Groin examination

Adductor-Related Pain examination

Inguinal-Related Pain examination

Psoas-Related Pain examination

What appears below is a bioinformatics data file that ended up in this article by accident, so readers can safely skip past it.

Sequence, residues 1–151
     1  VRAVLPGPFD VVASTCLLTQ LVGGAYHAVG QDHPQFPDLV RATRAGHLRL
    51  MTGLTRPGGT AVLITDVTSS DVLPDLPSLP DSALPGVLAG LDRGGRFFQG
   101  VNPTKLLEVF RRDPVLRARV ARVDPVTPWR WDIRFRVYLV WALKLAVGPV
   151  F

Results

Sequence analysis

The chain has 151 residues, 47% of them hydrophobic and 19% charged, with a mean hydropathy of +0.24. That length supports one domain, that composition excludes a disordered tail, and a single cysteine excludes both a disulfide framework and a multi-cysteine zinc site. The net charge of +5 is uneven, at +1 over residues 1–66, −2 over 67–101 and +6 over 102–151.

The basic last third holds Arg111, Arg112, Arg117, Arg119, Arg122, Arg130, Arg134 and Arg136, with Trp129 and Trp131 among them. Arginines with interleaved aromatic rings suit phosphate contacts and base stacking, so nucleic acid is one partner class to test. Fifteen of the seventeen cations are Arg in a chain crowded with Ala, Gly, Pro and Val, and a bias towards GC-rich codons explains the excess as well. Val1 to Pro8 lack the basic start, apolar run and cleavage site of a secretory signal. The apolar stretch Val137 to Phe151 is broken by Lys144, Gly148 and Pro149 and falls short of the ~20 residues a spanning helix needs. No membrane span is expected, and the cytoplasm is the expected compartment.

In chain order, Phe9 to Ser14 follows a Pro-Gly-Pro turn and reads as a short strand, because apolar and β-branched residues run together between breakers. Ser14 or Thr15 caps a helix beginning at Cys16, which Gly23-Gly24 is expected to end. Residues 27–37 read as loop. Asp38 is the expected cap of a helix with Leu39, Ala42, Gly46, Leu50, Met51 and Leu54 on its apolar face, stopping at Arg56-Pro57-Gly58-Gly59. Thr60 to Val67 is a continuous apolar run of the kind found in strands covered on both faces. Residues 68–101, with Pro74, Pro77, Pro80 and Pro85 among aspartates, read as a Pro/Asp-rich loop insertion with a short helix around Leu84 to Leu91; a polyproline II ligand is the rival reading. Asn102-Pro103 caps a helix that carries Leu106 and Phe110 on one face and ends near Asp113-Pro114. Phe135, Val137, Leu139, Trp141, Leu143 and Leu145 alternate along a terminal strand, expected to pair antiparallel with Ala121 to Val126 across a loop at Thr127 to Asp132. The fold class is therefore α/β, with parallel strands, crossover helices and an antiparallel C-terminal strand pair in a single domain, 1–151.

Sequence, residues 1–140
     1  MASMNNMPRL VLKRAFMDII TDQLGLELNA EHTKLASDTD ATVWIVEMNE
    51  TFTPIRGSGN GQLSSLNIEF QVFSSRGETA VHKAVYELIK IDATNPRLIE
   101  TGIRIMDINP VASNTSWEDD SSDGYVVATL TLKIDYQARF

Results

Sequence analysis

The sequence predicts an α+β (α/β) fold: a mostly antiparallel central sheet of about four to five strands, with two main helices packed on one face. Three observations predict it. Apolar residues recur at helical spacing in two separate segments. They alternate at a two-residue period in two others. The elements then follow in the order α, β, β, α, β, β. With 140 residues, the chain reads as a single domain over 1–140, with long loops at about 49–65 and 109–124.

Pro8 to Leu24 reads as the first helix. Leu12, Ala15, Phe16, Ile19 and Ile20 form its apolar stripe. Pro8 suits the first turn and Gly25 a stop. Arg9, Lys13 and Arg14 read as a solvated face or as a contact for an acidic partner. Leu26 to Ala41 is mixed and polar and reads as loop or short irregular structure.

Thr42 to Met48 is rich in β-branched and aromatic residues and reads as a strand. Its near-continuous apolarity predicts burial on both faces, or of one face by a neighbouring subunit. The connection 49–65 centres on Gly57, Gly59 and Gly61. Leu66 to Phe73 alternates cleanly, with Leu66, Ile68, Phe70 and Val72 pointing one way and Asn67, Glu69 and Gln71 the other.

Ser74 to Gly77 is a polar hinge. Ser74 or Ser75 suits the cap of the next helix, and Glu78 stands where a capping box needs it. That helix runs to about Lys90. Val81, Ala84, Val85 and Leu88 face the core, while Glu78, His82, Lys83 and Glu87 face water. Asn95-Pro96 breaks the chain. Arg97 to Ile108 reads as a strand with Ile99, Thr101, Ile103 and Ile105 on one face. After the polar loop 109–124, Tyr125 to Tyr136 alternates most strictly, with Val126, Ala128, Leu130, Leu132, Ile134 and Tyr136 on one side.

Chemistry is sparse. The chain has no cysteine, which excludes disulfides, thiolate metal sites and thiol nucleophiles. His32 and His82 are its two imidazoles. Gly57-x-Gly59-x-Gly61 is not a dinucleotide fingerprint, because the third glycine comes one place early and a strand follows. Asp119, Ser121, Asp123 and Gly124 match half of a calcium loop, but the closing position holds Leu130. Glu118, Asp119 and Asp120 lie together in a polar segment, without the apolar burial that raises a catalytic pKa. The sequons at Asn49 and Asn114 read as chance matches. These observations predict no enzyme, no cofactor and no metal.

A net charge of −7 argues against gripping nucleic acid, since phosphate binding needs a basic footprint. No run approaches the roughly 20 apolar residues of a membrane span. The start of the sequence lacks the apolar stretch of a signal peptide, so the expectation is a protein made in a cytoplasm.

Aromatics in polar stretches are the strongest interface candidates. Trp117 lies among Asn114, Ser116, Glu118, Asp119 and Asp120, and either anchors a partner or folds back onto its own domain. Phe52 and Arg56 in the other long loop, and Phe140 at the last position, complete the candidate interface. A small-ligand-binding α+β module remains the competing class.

The iliopsoas muscle is a flexor and external rotator of the hip. It is the most powerful flexor of the hip joint. As a result, it is a very important muscle for the kicking action. The muscle is most frequently injured acutely during kicking. It is generally the common “secondary” clinical entity in athletes presenting with groin pain. As a result, an assessment for psoas tightness, weakness and pain is an essential component of the assessment of all football players who present with groin pain. History The pain is localised more anteriorly in the groin when the iliopsoas is the cause of the long-standing groin pain. The complaint is much like that of adductor-related pain, but pain after sitting in a deep chair or walking upstairs is also common. It should also be considered as a differential diagnosis when hip-related groin pain is suspected. Examination Iliopsoas-related groin pain is characterised by pain at palpation of the iliopsoas in the lower abdomen and/or just under the inguinal ligament and pain with stretching the iliopsoas during the Thomas test. Also, decreased strength is often found with isometric testing in the inner range (90-degree hip flexion). The iliopsoas is located deep in the lower abdomen as it crosses under the inguinal ligament and down in front of the hip joint to insert at the lesser trochanter. The palpation is done with the patient supine and the legs extended. At the level of the anterior superior iliac spine (ASIS), medial to the rectus abdominis muscle, the fingers of both hands are gently pressed posteriorly, pushing the abdominal structures away to reach the iliopsoas muscle. It is important to get the patient to relax and give way in order to make it possible to get deep enough to reach the muscle. When the examining fingers are deep, the patient is instructed to raise the foot on the examined side 5cm from the couch. The muscle can then be felt and palpated. It is important to compare to the contralateral side as this test is uncomfortable for most people. The muscle can also be palpated just under the inguinal ligament medial to the sartorius muscle and lateral to the femoral artery. It is important to be lateral to the artery and the position can be confirmed by asking the patient to raise the leg so the muscle can be felt contracting. The test is positive if any of these palpations are painful. Another test indicative of iliopsoas-related groin pain is the Thomas test. It is done with the patient lying supine with both legs hanging from the end of the treatment couch. One hip is then flexed and the patient grasps the knee with both hands, pulling it down to the chest. The other leg is still hanging relaxed from the end of the couch. The examiner stands at the end of the couch supporting the position by pressing the side of his/her trunk against the foot of the flexed leg. The examiner then places one hand on the femur of the hanging leg just above the knee and presses the leg down to stretch the iliopsoas passively. The test is positive if this reproduces the known groin pain.

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